dog and ball

Safety Tips for Tennis Ball Play with Dogs

In Animal Health, Dog Behavior, Dog CPR, dog daycare owner, Dog Jobs, dog training, dog walker, Dogs, Fall pet safety, pet care professional, pet cpr, Pet Death, Pet First Aid, Pet Safety, Uncategorized, veterinarian by Cara Armour

by Arden Moore, ProPetHero Instructor Director and Master Pet First Aid/CPR Instructor

Many dogs, including my Pet Safety Dog Kona, love, love, love fetching tennis balls. Fetching ranks among the favorite of canine games. Dogs get to pursue, grab this ‘pretend’ prey and bring it back to you to toss again.

But not all tennis balls are safe. And, you do need to select carefully and always supervise playtime with tennis balls.

Depending on the size of the tennis ball and the size of the mouth of the dog, there is a major risk of tennis balls getting wedged in their mouths, blocking their airways. These dogs can collapse, even die, if you do not take an immediate pet first aid action.

But removing a tennis ball – or a slimy, hard-to-grab avocado pit – can be tricky. In our Pro Pet Hero instructor training classes, I teach students a few different “doggy Heimlich” techniques to help dogs choking on objects that need our help to dislodge.

Extracting a Tennis Ball Safely

For this blog, let’s focus on the steps needed to safely dislodge and remove a tennis ball in the mouth of a dog who becomes unconscious and collapses: 

  • Step 1. Position the dog on his back.
  • Step 2. Get on your knees and straddle the dog with your head facing his throat.
  • Step 3. Tilt the dog’s head back to open the airway.
  • Step 4. Place your thumbs on each side of the dog’s trachea, just below the ball.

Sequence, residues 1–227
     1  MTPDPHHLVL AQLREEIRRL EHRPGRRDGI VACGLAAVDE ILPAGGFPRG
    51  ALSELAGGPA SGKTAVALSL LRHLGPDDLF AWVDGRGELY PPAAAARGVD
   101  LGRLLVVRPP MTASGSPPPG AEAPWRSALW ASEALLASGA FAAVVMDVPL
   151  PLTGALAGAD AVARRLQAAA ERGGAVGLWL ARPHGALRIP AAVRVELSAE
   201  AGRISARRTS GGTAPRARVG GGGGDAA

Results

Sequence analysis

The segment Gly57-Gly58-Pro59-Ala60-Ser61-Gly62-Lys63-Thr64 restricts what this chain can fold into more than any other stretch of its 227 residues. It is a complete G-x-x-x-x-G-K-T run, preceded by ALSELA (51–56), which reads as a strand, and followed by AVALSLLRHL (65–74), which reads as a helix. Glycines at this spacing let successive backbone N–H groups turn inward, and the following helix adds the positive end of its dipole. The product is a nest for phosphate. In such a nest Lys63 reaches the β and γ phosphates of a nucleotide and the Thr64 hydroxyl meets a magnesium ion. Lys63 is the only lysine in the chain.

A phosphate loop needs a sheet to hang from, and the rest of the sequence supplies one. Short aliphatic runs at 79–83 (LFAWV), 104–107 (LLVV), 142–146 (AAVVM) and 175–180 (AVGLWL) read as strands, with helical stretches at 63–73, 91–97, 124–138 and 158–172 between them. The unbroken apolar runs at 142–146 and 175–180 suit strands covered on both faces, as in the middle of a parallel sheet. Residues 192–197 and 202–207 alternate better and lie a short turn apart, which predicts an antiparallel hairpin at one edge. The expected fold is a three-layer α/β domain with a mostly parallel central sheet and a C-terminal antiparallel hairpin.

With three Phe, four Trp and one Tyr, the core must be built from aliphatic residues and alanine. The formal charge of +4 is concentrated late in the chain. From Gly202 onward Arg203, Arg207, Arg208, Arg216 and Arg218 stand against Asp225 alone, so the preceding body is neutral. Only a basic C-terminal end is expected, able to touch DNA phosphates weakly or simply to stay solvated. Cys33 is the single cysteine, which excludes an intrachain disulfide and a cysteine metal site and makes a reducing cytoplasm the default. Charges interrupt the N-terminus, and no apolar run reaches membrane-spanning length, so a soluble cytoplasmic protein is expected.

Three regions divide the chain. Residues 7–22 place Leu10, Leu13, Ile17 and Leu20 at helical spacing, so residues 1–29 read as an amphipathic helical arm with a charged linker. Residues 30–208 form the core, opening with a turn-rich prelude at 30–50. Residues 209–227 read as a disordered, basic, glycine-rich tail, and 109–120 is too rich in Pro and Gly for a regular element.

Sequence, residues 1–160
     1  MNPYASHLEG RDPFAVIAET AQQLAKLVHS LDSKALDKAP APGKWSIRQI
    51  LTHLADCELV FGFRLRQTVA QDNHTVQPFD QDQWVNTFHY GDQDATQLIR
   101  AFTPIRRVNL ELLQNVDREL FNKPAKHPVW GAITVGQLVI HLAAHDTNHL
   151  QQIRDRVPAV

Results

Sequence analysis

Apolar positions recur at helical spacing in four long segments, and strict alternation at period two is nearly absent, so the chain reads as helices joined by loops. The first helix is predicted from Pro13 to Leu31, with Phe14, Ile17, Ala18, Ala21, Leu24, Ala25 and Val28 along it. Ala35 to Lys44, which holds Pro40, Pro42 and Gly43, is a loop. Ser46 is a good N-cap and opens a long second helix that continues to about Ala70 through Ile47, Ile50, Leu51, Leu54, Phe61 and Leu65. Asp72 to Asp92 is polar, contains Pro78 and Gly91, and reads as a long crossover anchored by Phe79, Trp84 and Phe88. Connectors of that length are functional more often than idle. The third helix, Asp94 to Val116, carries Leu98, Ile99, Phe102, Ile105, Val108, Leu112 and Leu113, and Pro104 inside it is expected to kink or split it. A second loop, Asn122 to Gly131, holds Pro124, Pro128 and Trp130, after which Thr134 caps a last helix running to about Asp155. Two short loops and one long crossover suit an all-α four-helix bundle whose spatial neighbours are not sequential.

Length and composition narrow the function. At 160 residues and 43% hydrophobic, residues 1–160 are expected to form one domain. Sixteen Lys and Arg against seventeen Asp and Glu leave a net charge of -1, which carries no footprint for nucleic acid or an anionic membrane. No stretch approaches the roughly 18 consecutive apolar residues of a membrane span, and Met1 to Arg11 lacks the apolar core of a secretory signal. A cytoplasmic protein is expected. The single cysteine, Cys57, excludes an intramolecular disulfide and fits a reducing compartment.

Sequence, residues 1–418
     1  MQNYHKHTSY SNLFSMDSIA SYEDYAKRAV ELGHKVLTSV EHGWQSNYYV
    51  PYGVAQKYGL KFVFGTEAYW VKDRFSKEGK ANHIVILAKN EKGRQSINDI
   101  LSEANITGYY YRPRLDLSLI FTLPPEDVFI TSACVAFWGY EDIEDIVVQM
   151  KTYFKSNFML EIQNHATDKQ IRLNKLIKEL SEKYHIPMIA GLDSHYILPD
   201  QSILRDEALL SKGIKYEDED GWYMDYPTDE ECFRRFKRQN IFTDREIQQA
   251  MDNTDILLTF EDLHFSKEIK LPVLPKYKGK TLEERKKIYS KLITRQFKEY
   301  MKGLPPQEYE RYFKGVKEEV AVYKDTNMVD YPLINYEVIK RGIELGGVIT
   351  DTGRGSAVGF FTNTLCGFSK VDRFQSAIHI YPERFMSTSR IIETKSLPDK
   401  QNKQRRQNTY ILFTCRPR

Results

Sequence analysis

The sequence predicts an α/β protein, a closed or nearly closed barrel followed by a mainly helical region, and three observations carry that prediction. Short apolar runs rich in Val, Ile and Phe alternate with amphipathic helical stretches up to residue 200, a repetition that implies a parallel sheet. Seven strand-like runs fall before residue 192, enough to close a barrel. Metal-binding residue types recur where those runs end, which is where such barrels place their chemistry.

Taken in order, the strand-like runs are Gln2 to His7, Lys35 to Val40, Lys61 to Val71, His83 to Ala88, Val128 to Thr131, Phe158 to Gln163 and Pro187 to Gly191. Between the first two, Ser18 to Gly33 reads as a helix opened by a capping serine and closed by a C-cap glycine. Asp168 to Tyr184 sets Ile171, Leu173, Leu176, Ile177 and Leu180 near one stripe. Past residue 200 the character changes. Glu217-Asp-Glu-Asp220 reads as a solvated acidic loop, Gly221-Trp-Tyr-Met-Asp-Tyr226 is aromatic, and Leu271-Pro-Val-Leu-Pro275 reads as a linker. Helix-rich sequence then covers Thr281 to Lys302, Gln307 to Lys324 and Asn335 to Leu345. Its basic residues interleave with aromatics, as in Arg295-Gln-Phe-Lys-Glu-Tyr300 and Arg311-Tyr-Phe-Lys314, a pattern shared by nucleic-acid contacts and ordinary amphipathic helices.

• Step 5. In a steady motion, push down and out to force the ball to be ejected from the mouth.
  • Step 6. Inspect the mouth to make sure there are no other objects that can cause obstruction.
  • Step 7. If necessary, give the dog two rescue breaths by breathing your mouth into the dog’s nostril. Be sure to close the upper and lower muzzles so no air escapes out the side of the mouth. Also, after each breath, turn at look at the dog’s chest to see if it rises – a sign that the air reached the lungs with no blockages. 
  • Contact your nearest veterinary clinic and have your dog inspected thoroughly to verify there are no other potential health dangers. 

Here is a link to a short video that shows a veterinary team quickly and successfully dislodging a tennis ball from a dog’s mouth:

dog with ball

Safety Tips for Fetching

Here are some tips to prevent the chance that your ball-happy dog will not accidentally get a tennis ball stuck in his throat:

  1. Recognize that dogs are mouthy. They explore their worlds often by putting items in their mouth. 
  2. Not all tennis balls are dog-safe. The ones people use on tennis courts materials that can cause intestinal and even bowel blockages inside dogs that may need to be removed surgically. The rubber and plastic materials in these tennis balls cannot be digested by dogs.
  3. Tennis balls for people are coated in a fuzzy material that can cause choking by dogs trying to pull it off the ball. These balls can also can wear down a dog’s teeth and cause other dental damage.
  4. Purchase dog-safe tennis balls that are made of pet-safe materials.  Popular brands include Kong’s Air Squeaker tennis balls, Hyper Pet Tennis Balls for Dogs, Banfeng giant dog tennis balls. All are available on and 
  5. Toss only one ball for your dog to fetch and bring back for you to throw again. This will prevent a dog from trying to pick up two or more tennis balls in his mouth and lead to choking or blockages. Do not leave several tennis balls in your fenced backyard to tempt your dog.
  6. Regularly inspect your dog’s tennis ball and replace it when it shows signs of wear or peeling of the outer covering. 

dog with frisbee

Finally, you can still bring out your dog’s inner retriever by engaging him in play with tennis ball alternatives. Consider such non-toxic, safe options as the Planet Dog’s Orbee ball, Wunderball and Kong PlanetRubber Ball Extreme or durable flying disks, such as Zippy Paws, Petshine Rope Flying Disc and Chuckit!. 

Learn Pet First Aid

Learn more on ways to keep your cats and dogs safe by visiting Consider taking our veterinarian-approved online pet first aid/CPR course. Enter this code: CPR – ARDEN MOORE and receive a 10 percent discount! And, if you are interested in becoming a Pro Pet Hero instructor, please click on the BECOME AN INSTRUCTOR button on the home page for more details.